http://mashable.com/2015/03/30/find-your-national-park/

WASHINGTON — After nearly 100 years, the National Park Service holds some of the most beautiful and historic places in the country, though there’s also an $11 billion backlog of unfunded maintenance and a visitor base that’s aging and mostly white.

With its centennial approaching in 2016, the park service will launch a major campaign Thursday in New York City to raise support and introduce a new, more diverse generation of millennials and children to “America’s best idea,” the national parks. First lady Michelle Obama and former first lady Laura Bush will co-chair the campaign, calling on Americans to “Find Your Park” to enjoy their public lands.

Sustaining the national parks and keeping them relevant to visitors for another 50 or 100 years is a growing challenge, park officials told The Associated Press. Many facilities date back 50 years or more and are in danger of failing entirely, such as a 70-year-old water pipeline at the Grand Canyon that breaks regularly and could cut off the water supply to the popular tourist attraction, National Park Service Director Jonathan Jarvis said. Lodging at Glacier National Park needs a major overhaul, and the nearly 100-year-old Memorial Bridge in Washington, D.C., needs at least $150 million in repairs — more than the agency’s entire annual construction budget.

While the national parks counted 292 million visitors in 2014, those visitors tend to be older and whiter than the U.S. population overall. Even though attendance at some national parks has reached record levels, the tides could turn as boomers get older.

“If we were a business and that was our clientele, then over the long term, we would probably be out of business,” Jarvis said.

In studying public perceptions, park officials found many people think national parks are only located in the West — places such as Yellowstone and Yosemite. They don’t realize urban sites such as the Statue of Liberty, Independence Hall in Philadelphia, Little Rock Central High School and the Lincoln Memorial in Washington are also national parks. So the agency wants to redefine the word “park” and show that these sites increasingly reflect the nation’s diversity.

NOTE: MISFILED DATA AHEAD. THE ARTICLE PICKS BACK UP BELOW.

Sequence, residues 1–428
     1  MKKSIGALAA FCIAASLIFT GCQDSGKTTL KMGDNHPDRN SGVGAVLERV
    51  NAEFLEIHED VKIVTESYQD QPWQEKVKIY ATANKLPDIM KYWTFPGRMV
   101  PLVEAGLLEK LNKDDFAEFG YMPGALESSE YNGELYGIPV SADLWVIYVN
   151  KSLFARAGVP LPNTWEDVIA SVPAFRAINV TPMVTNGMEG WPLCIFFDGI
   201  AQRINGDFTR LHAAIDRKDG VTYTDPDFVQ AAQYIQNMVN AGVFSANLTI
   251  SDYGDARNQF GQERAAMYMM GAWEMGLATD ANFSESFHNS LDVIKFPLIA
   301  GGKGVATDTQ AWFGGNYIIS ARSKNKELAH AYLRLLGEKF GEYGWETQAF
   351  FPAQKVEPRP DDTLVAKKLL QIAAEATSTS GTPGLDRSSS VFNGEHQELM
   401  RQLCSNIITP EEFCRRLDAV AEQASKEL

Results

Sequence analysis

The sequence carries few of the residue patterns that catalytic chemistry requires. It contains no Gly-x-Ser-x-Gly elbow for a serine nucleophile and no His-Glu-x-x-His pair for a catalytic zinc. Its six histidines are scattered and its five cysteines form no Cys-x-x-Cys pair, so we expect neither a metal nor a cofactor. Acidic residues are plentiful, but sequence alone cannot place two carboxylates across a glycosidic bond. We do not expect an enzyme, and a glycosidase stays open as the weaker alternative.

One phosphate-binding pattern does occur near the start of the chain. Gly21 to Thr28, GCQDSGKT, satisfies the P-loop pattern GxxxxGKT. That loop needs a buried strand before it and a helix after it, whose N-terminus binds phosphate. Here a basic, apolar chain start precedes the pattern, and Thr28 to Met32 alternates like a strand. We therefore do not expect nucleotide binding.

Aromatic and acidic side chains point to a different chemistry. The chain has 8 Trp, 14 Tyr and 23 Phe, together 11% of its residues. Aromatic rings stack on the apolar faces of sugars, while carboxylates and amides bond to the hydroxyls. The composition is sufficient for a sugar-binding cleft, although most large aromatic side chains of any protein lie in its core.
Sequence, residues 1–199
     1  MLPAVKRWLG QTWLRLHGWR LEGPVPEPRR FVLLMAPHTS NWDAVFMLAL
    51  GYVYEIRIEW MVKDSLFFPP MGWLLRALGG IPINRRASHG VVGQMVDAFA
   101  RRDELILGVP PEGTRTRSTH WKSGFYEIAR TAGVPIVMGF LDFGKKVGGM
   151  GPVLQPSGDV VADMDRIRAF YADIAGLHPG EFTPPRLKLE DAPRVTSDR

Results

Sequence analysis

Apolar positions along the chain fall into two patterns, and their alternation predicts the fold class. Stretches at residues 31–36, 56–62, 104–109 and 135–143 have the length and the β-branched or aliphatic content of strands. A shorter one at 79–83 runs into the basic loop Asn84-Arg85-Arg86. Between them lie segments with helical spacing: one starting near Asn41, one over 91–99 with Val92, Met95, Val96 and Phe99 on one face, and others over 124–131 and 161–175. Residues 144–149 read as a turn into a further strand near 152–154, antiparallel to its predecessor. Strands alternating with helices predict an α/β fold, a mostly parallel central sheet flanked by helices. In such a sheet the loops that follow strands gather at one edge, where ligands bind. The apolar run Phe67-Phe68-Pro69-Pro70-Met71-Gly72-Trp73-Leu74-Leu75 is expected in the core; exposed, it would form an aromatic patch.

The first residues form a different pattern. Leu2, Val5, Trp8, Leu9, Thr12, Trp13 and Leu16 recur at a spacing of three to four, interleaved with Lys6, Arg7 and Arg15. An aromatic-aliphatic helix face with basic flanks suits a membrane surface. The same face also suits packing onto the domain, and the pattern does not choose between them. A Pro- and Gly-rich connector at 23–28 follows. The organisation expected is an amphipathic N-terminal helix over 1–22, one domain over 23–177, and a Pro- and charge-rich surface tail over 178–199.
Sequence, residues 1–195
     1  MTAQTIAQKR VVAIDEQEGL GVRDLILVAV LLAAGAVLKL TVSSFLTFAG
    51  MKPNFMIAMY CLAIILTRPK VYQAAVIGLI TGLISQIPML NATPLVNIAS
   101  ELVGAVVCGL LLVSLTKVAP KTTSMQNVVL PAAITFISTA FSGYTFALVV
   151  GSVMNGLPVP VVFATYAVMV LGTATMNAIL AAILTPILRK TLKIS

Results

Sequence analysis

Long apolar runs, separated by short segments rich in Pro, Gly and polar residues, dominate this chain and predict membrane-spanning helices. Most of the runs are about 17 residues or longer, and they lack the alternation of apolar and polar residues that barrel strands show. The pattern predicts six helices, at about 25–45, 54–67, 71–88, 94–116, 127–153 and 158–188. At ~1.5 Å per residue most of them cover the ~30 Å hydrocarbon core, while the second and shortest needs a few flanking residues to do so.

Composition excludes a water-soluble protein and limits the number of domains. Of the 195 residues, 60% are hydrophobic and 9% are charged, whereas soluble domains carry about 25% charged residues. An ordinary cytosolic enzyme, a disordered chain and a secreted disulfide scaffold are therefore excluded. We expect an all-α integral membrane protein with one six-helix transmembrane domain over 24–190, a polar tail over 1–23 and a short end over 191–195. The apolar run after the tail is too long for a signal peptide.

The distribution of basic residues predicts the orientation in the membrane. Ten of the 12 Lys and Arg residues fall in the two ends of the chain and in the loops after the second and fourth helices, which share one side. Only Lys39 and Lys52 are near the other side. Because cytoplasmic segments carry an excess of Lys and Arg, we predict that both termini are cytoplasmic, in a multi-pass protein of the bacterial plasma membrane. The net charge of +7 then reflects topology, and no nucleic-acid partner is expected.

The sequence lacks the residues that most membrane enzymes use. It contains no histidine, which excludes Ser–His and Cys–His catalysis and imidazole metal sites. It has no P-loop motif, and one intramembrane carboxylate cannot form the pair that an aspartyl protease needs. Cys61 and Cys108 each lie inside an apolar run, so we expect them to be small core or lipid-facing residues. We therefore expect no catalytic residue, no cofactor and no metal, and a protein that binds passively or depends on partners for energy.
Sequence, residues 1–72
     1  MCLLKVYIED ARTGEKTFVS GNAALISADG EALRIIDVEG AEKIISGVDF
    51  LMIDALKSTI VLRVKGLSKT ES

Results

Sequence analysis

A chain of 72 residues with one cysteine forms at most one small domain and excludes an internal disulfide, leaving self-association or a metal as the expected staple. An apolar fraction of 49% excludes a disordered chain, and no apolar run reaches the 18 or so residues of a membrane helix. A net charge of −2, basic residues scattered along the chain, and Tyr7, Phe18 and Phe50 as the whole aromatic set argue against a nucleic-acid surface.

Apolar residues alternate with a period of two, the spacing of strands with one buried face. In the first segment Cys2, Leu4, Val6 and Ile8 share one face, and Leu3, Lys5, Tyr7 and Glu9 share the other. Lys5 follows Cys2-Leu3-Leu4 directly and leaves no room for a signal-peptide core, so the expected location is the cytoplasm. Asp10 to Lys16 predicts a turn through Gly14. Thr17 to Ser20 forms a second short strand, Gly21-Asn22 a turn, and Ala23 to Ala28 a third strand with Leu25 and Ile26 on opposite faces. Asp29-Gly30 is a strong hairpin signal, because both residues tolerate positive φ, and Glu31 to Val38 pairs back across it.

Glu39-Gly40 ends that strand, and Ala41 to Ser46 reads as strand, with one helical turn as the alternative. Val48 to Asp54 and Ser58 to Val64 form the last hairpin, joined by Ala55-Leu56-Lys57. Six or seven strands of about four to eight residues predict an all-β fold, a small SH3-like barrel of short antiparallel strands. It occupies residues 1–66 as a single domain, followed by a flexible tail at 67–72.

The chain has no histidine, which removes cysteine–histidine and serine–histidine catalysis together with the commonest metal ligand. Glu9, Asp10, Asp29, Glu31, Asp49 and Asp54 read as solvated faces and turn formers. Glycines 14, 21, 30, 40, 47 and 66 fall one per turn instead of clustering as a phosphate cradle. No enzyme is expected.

Over the next year, an advertising campaign will include TV spots, digital ads and online videos about how people connect with their favorite parks. Corporate sponsors are supporting the effort with co-branded ads. American Express will encourage volunteerism in parks, while retailer REI and health insurance company Humana will promote healthy activity.

The White House announced an initiative to give all fourth grade students and their families free admission to the national parks during the next school year.

Celebrities including the science guy Bill Nye, actresses Bella Thorne and Roselyn Sanchez, E! News anchor Terrence J. and singer Mary Lambert are joining the effort, urging millennials to put down smartphones for some park time. Lambert, 25, said she has found inspiration for her music in parks, and she suspects more people her age are looking for places like parks to connect and have fun — beyond the Internet and social networking.

Nye said national parks are the legacy of the next generation to protect.

President Barack Obama requested an increase of $432 million to support the National Park Service in his 2016 budget proposal. It’s a sustained request that would lift the agency’s budget to $3 billion annually to address deferred maintenance and other needs but likely will face resistance in Congress.

A fundraising campaign also is under way to raise hundreds of millions of dollars to rebuild historic infrastructure with private funds. Campaign planners hope building public support will also help build support in Congress.

It’s a critical moment to “reset the parks for the next century,” so that they don’t become parks for people of the past, said Interior Secretary Sally Jewell. “If we don’t reach out and become relevant to a broader population, we won’t have the support the parks need to do their jobs in the future.”

It’s a critical moment to “reset the parks for the next century,” so that they don’t become parks for people of the past, said Interior Secretary Sally Jewell. “If we don’t reach out and become relevant to a broader population, we won’t have the support the parks need to do their jobs in the future.”

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